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Warner Bros. takes on ‘Minecraft’ with its own brick building game

July 24, 2015, 7:01 PM UTC
Courtesy of TT Games

Warner Bros. Interactive Entertainment has launched an early access version of its new Lego Worlds game on digital game platform Steam for $15. It’s a game that lets players build anything they can think up, brick by brick.

Sound familiar? It should. Swedish game developer Mojang created a PC game based on a similar concept back in 2009. It’s called Minecraft.

Minecraft proved so popular, that after attracting over 100 million registered users, Microsoft (MSFT) purchased Mojang for $2.5 billion in September 2014.

Now gamers have a choice between building Minecraft worlds or using virtual Lego bricks.

Loz Doyle, executive producer of Lego Worlds at TT Games, knows that kids spend a lot of time playing Minecraft these days in the virtual world as well as with Lego play sets in the real world. He says the appeal is that they’re free to do whatever they want—build anything they can think of, put their creative hat on, experiment and have fun with their friends.

“Ultimately, our goal is to create a powerful digital building system based on creativity, discovery and exploration that is just as much fun as the physical Lego building experience, just offered in a new way,” Doyle says. “Minecraft’s building system is very simple, all blocks are the exact same size and shape, so it’s straightforward to build with. And unlike with Lego, there is no physical counterpart to compare the experience with. With the Lego Worlds in-game digital builder, we currently have more than 100 different bricks to choose from, along with a huge range of colors.”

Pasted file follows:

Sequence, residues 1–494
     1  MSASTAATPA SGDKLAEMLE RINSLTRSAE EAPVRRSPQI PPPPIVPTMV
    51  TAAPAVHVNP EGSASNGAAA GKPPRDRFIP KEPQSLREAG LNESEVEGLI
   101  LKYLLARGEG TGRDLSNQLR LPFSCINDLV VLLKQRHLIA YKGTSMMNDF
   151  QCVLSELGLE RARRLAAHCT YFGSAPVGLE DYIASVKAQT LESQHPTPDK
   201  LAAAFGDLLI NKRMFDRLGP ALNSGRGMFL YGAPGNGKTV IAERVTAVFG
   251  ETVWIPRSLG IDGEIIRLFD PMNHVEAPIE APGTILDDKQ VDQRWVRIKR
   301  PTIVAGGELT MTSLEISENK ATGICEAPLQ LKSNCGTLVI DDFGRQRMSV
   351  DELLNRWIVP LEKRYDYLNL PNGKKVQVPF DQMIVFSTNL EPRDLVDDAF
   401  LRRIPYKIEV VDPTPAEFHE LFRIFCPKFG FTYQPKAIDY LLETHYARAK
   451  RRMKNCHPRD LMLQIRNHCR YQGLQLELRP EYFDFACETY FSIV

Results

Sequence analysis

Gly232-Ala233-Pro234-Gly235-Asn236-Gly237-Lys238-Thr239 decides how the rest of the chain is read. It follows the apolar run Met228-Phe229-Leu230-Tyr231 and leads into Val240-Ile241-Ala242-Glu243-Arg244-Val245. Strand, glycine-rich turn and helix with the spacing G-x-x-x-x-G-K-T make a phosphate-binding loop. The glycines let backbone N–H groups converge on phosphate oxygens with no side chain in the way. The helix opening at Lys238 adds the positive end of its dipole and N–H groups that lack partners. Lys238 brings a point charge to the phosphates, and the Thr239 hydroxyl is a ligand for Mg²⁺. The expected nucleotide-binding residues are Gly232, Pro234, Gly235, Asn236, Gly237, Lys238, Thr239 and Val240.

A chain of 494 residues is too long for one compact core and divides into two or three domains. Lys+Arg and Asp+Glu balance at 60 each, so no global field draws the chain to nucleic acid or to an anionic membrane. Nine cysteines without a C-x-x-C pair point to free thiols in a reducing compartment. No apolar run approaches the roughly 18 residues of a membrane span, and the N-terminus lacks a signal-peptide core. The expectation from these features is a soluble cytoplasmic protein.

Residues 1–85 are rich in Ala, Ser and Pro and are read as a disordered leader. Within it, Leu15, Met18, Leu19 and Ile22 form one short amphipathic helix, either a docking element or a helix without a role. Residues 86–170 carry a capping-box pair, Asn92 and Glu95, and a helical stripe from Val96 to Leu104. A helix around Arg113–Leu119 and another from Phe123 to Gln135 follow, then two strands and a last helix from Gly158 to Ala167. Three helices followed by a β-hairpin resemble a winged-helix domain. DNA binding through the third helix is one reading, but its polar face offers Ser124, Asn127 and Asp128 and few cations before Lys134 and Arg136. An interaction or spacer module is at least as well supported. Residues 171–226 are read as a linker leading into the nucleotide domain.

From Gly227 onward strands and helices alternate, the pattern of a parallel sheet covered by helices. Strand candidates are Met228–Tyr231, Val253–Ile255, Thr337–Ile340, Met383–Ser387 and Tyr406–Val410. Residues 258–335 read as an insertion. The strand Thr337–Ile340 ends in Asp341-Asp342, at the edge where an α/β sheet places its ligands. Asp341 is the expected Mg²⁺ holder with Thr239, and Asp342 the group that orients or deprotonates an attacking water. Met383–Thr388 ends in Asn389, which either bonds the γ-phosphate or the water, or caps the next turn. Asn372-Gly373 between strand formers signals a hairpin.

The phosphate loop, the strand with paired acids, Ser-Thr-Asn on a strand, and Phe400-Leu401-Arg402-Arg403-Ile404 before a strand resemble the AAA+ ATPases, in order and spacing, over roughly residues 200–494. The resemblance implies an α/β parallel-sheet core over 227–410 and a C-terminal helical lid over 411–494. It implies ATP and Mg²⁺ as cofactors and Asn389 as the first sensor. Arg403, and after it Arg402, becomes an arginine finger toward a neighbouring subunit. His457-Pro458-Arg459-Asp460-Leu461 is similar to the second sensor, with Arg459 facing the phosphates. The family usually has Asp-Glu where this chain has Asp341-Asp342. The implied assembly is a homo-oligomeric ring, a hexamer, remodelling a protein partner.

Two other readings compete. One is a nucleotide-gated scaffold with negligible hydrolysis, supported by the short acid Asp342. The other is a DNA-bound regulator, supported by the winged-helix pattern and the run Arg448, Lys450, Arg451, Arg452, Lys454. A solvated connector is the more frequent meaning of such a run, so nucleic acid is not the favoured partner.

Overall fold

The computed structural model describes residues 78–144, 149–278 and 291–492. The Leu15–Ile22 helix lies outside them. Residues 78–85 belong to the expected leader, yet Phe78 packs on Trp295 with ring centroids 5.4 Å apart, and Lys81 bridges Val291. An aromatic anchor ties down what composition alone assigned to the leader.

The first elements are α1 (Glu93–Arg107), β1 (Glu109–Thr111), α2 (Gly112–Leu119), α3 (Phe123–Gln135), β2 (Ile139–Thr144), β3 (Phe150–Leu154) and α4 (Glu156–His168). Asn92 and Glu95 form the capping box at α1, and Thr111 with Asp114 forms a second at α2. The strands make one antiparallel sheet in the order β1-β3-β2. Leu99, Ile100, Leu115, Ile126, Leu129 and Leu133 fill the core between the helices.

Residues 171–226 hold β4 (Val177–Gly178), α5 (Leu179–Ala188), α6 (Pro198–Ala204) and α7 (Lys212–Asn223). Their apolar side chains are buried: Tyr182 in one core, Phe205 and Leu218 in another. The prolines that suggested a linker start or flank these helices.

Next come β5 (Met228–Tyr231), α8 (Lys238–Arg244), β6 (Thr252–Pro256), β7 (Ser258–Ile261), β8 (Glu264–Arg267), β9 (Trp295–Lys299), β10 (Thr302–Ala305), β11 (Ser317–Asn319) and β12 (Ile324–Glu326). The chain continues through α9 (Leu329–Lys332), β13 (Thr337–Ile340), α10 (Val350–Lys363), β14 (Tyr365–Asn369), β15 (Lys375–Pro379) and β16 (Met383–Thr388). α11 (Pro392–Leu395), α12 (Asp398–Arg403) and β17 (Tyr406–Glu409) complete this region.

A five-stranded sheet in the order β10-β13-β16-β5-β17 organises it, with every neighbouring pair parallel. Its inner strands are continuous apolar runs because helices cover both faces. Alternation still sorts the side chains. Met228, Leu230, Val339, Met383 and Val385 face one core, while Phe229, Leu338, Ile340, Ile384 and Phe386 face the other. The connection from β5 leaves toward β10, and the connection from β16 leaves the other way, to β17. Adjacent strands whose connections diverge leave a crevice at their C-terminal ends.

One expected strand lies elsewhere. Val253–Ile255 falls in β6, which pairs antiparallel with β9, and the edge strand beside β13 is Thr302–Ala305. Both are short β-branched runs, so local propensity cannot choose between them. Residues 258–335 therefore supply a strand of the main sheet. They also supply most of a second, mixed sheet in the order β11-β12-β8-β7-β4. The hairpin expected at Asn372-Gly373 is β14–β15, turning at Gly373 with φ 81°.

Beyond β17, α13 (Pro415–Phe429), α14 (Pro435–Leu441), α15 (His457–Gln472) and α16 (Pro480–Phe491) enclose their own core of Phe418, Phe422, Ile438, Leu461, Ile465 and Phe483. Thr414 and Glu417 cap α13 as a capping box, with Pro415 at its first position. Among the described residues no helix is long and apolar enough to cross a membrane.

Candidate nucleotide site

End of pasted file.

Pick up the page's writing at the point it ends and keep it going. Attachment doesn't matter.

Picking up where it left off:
Features will be added and changes will be made to Lego Worlds as the early PC players provide feedback on the game, according to David Haddad, executive vice president and general manager of Warner Bros. Interactive Entertainment (TWX).

“We’re learning from the engagement of the community and we’re thinking about what features the community would want to engage in based on how they’re playing this early access version of the game today,” Haddad says.

“We worked with Steam as our early access partner because we wanted to go out to as broad an audience of digital gamers as possible and that’s the best marketplace to do it,” Haddad says, referring to Valve’s 125 million active Steam users. “We’re finding this game has an elastic audience age-wise and target-wise, and from early comments kids and parents are playing Lego Worlds together.”

Future plans for Lego Worlds will introduce multiplayer and sharing features, for friends to experience each other’s worlds and show-off their creations. That’s been a key component to the continued success of Minecraft, which recently topped YouTube’s list of the 10 Biggest Games of All Time.